Valentine's Day: Mythology, eros, the cupid, love, the history, and the facts about the holiday is here. Love is blind.
History Of Valentine's Day
Love is in the air, and spring is here. It has been known for many centuries that Valentine's Day is considered to be the most romantic time of the year. However, why is that so? What's so special about it? I mean it's only one day, so why should it be any more special than any other day? However, I digress. Over the years, February 14 has become the one day of the year, where romance springs around all over the globe. To uncover this mystery, I feel it's important to look at our earlier history to examine why this holiday so prestigious to our modern culture today.
According to one legend, in third century Rome, Emperor Claudius II came to the theory that single men made better soldiers than married ones. Therefore, he outlawed marriages for young men, that were deemed to make potentially good soldiers, and only allowed elderly men to marry. Seeing the unfair and injustice of this new law, St. Valentine defied this law and continued performing marital rituals for young lovers in secret. Needless to say, this angered Emperor Claudius II once he found out, and ordered to have St. Valentine put to death.
Although other historians believe, that St. Valentine might have been killed while aiding Christians from escaping the torture and harsh treatments of Roman prisons.
While some historians have often debated this theory as to how St. Valentine died, what is certain that the mystique and romance behind the holiday continues to intensify the world to this day.
In another legend, it's said that St. Valentine actually conjured and sent the first "valentine" greeting card, while he was in prison. During his stay in prison, he met a young girl, whom would often visit him during his sentence. Some historians believe she may have been the jailor's daughter. Before he was sentenced to be executed, he allegedly sent her a farewell letter with the final words being, "from your valentine." Since then the name Valentine has become the word most often associated with various forms of eroticism and romance over the years. Each culture giving their own unique tastes on the legend, as the mystery of St. Valentine still continues to inspire the hearts of many lovers even to this day.
To answer why February 14 be deemed under his name? There has been many historians whom have debated that as well. Some widely believe that it's celebrated in mid-February to honor his death or burial, which is estimated to have occurred around 270 A.D. Other historians believe that it might have been an attempt to christianize the pagan Lupercalia festival.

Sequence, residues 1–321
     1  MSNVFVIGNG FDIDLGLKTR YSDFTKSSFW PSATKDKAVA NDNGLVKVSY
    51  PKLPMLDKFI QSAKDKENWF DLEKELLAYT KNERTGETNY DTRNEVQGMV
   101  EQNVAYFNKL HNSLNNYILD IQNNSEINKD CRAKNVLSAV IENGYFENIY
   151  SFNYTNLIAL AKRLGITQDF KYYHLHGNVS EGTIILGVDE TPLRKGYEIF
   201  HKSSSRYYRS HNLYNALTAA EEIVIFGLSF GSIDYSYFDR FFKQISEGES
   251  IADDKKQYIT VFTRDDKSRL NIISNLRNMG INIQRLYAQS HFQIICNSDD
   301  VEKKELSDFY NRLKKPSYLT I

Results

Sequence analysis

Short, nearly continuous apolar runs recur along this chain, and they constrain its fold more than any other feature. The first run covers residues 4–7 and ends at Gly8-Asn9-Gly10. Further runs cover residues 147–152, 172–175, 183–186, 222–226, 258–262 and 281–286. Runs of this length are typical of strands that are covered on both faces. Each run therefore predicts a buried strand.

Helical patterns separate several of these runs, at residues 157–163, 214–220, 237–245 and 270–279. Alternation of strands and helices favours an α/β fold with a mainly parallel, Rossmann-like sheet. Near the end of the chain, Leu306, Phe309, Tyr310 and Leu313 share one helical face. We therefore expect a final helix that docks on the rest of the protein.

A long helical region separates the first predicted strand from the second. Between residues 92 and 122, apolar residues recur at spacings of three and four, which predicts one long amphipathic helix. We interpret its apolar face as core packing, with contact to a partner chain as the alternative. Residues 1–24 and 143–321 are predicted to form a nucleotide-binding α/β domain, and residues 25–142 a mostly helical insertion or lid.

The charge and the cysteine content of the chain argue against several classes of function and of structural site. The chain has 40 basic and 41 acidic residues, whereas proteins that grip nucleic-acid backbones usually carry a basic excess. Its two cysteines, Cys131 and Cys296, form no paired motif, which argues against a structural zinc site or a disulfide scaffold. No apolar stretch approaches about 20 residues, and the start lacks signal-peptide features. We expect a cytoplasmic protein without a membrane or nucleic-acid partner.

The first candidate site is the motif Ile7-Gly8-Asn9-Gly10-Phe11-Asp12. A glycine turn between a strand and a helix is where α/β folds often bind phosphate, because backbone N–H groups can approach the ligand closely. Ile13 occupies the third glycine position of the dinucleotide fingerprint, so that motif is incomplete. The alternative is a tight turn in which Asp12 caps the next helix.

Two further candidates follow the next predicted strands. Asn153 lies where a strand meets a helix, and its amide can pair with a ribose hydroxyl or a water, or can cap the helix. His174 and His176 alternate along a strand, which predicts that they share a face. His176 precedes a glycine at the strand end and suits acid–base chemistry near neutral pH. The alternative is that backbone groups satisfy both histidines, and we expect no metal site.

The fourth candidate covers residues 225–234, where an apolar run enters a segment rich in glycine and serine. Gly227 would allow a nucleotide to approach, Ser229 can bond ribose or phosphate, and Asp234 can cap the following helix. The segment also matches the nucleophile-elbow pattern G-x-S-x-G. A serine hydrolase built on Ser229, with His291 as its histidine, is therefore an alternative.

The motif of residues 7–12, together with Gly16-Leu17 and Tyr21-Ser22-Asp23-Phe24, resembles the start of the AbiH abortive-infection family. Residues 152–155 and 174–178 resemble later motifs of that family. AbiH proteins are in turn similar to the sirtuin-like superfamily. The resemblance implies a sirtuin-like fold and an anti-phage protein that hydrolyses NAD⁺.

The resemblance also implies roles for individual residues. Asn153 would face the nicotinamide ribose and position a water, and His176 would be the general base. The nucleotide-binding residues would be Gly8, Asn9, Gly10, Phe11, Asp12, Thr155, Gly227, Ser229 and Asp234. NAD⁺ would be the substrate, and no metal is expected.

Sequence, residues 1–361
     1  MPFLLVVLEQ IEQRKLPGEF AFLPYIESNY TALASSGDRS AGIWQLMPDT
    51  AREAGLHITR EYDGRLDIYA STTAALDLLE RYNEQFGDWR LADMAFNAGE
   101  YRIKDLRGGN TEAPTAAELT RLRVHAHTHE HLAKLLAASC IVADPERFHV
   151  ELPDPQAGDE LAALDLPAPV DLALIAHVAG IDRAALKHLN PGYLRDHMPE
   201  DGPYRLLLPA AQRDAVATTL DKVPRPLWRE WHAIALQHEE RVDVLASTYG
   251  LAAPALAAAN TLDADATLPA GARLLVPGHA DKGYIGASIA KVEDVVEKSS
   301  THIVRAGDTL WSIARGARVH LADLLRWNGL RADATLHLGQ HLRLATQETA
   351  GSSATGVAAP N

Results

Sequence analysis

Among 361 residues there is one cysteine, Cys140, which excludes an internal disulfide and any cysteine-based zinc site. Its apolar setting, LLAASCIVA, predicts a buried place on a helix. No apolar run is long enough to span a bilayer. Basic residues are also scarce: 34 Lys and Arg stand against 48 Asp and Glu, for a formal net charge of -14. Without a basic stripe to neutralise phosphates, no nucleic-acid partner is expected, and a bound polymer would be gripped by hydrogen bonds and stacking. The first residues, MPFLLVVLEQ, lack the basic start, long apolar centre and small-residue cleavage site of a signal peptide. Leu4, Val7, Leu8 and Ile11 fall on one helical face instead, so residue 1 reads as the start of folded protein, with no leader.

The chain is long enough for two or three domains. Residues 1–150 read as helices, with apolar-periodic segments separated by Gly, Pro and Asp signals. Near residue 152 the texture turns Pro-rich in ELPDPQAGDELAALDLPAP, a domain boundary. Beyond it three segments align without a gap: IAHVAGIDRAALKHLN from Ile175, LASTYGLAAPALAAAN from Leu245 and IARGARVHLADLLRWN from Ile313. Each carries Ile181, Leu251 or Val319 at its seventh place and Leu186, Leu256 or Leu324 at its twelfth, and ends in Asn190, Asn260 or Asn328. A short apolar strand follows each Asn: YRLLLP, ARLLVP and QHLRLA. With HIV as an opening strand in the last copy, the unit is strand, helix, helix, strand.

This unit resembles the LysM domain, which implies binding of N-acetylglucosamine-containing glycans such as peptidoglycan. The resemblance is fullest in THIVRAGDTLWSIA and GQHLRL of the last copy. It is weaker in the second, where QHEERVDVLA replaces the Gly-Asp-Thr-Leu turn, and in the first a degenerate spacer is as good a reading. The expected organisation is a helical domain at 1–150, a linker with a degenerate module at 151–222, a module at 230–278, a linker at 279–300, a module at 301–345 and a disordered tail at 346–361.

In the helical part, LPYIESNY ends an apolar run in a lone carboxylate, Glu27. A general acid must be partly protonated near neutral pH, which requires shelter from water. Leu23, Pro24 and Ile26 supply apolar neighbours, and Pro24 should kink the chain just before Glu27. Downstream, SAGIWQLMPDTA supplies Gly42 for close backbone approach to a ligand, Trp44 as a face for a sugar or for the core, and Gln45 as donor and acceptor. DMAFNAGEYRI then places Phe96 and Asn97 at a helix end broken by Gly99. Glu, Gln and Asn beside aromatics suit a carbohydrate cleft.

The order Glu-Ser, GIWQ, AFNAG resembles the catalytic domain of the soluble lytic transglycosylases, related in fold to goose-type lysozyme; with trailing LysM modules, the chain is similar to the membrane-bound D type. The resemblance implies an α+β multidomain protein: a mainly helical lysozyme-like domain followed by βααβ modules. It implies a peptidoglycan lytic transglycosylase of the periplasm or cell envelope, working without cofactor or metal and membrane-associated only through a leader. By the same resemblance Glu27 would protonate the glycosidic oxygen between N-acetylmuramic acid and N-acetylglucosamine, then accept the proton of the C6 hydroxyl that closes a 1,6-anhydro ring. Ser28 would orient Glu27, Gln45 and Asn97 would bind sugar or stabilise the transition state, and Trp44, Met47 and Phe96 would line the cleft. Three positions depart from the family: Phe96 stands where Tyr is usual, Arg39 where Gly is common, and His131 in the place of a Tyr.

In ancient Rome, springtime marked the beginning of purification. Houses were thoroughly swept, as the Romans would sprinkle salt and spelt, a special type of wheat, throughout their interiors. The Lupercalia festival was held on February 15, which was considered a fertility festival dedicated to Faunas, the Roman God of Agriculture, and the Roman founders, Romulus and Remus.
Members of Luperci, an order of Roman priests, would begin the festival by gathering at a sacred cave where it's believed Romulus and Remus were cared for by a she-wolf or lupa. Priests would then sacrifice a goat, for fertility, and a dog, for purification.
Then they would slice the goat's hide into strips, and dipped them into sacrificial blood as they took to the streets. Gently slapping women and fields of crops with goathide strips. As repulsive and vile as this may sound, women back then welcomed being slapped with bloody goathides as it was believed that it would make them more fertile during the coming year. It's then said that women would put their names in a big urn, later on in the day. The men would then pick a name out of the urn, and would become paired with the chosen woman for a year; often ending in marriage.
It wasn't until later around 498 A.D., that Pope Gelasius declared february 14, Valentine's Day. The Roman lottery system was then deemed unchristian and outlawed, as Christianity began to take over as the dominant religion, in Rome. In other countries such as England and France, February 14 was also the first day of the birds mating season, which added to the idea of romance during the holiday.
According to history, the oldest Valentine letter was in the form of a poem by Charles, Duke of Orleans. He wrote a letter to his wife during his imprisonment, in the Tower of London, after being apprehended at the Battle of Agincourt. Written in 1415, the greeting is part of the manuscript collection within the British Library in London, England.